Menuism Dining Blog
Dining education for foodies

Vegan sushi. Photo by Amber Shea Ford.

A lot of people who “go raw” start out with loads of enthusiasm. They may vow to be 100% raw straight out of the gate, or to never touch a morsel of cooked food for the rest of their lives. How often do they succeed? Almost never.

Let’s face it: most restaurants are not great at providing vegan (let alone raw) options on their menus. However, when armed with the killer combination of flexibility and creativity, no restaurant meal can derail your healthy lifestyle. Here’s how to cheat on your raw food diet–sans guilt–when dining out.

Why You Should Relax Your Food Rules at a Restaurant

Dietary flexibility delivers the psychological benefit of choice. Choice is powerful. The option of being able to eat cooked food—whether or not you actually choose to—more than outweighs the slight physical benefit you may receive if you decided to follow a strict  raw-vegan diet. And for most people, simply making room for that option usually makes them less likely to stray from their healthy diet, because nothing is designated a “forbidden” food.

Toe the Line Between Raw and Cooked

Sure, there’s always the salad option. But if you want something heartier, warmer, or just different, try combining cooked and raw foods in your restaurant meals. Need a few ideas to get started?

At a Mexican restaurant, get beans and rice topped with salsa and crunchy raw veggies, or try fresh vegetables and guacamole wrapped in a whole-grain tortilla, or over a bed of cooked grains or lentils. Having Mediterranean? Hummus and raw veggies are another healthy option. At an Italian restaurant, order pasta primavera tossed with olive oil and crushed fresh tomatoes. If the menu lists steamed vegetables, request them raw. Love Japanese? Sushi is a perfect fusion of raw and cooked ingredients. And no matter what type of cuisine is on the menu, many restaurants will happily serve fresh fruit for dessert if you just ask for it!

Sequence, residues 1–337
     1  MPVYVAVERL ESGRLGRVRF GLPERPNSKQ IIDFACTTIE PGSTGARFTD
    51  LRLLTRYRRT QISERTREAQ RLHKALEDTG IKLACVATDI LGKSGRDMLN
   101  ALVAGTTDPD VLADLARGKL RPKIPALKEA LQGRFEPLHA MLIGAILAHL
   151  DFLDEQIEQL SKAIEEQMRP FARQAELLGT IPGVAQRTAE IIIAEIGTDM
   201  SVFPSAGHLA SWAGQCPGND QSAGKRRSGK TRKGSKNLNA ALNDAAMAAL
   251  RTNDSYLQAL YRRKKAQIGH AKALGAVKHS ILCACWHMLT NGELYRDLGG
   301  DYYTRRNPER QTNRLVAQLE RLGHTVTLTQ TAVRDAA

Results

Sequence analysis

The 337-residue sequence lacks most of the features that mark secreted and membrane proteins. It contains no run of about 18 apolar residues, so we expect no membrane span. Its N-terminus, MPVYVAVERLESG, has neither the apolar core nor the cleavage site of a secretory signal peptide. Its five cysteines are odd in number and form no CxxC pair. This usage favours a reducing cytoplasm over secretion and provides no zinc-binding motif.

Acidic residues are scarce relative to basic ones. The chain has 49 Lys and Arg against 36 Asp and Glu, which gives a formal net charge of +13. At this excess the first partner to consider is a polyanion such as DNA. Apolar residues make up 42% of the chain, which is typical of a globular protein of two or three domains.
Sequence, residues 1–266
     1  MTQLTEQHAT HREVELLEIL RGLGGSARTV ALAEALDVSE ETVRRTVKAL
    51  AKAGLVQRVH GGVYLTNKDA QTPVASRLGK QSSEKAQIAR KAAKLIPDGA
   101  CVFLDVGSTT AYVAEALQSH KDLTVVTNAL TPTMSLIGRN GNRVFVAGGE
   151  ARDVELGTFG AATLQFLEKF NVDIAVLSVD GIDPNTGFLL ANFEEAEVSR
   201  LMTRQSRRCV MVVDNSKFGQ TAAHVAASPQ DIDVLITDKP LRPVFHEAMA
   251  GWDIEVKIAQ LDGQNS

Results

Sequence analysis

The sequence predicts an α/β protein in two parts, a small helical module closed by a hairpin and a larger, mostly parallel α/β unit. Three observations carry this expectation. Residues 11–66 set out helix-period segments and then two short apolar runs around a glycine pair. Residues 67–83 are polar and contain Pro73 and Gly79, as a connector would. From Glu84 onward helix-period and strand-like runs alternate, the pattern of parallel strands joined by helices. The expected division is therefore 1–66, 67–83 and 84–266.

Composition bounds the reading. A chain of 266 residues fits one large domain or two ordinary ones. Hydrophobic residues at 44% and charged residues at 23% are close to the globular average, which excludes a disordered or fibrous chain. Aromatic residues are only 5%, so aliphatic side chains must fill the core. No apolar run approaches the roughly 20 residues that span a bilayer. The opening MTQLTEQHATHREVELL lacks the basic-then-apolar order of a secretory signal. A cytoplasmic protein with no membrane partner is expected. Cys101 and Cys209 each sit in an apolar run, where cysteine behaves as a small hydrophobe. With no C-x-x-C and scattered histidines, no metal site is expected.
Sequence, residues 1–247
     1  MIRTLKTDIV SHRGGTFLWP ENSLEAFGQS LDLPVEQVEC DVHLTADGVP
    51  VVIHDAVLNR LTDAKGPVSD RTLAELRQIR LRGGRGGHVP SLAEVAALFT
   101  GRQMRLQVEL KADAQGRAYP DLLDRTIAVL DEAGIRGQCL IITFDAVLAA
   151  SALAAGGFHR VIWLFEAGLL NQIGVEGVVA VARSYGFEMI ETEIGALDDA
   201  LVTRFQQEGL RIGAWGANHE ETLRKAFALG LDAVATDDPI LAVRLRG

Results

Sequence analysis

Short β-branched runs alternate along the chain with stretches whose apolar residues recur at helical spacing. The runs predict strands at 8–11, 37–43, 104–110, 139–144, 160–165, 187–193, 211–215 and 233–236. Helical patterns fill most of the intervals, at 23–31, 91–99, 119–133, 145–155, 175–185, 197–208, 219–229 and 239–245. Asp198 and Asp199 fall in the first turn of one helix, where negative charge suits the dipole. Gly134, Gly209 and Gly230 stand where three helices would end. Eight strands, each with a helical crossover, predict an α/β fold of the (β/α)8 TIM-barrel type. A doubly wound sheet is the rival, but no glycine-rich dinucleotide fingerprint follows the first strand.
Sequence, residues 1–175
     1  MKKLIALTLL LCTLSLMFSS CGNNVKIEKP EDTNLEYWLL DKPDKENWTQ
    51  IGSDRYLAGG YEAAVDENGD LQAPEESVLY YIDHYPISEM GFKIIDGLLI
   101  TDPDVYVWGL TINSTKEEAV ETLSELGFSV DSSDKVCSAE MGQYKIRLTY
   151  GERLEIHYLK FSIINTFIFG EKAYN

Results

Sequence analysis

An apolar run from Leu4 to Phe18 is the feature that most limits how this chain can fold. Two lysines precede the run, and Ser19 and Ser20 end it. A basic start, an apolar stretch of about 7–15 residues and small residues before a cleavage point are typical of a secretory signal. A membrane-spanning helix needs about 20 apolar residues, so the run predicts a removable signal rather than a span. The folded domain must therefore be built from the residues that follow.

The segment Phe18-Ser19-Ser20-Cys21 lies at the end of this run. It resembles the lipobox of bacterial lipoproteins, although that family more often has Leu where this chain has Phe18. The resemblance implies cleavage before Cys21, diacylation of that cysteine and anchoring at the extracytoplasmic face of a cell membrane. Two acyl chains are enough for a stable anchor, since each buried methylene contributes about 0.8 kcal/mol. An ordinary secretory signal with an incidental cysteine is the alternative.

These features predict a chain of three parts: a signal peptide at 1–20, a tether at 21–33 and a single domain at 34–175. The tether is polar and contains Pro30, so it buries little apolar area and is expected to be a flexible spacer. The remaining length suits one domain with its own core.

Allow Some Wiggle Room

Although not every restaurant will be able (or willing) to accommodate a request for a raw meal, it’s always worth a shot to try. With a simple request or two, you can keep on track without depriving yourself of the pleasurable experience of dining out. If you do end up at a restaurant that has nothing but cooked options, don’t panic. Almost every menu still offers plenty of healthy vegan choices—even if they’re not listed. How’s that? Check out How To Eat Vegan When It’s Not On The Menu.

In the end, particularly if you’re just starting out, don’t be afraid to take baby steps toward eating raw, or even vegan. As long as you’re drifting in the right direction, you’re doing just fine. Remember, since bodies in motion tend to stay in motion, your health forecast will keep looking better and better every day you stay on that path.

Editor’s Note: Raw foodist, vegans, dieters and eaters of all persuasians, we want to know: how do you stay on track when you eat out? 

Posted by on July 29th, 2011

Filed In: Raw Food

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Amber Shea Crawley, creator and author of the popular food blog Chef Amber Shea, is a classically trained chef, linguist, and writer in Kansas City, Missouri. Specializing in healthful, plant-rich food, she is the author of the cookbooks Practically Raw and Practically Raw Desserts as well as the ebook The REAL FOOD Cleanse. Amber blogs at www.chefambershea.com and can also be found on Facebook and Twitter (@ChefAmberShea).

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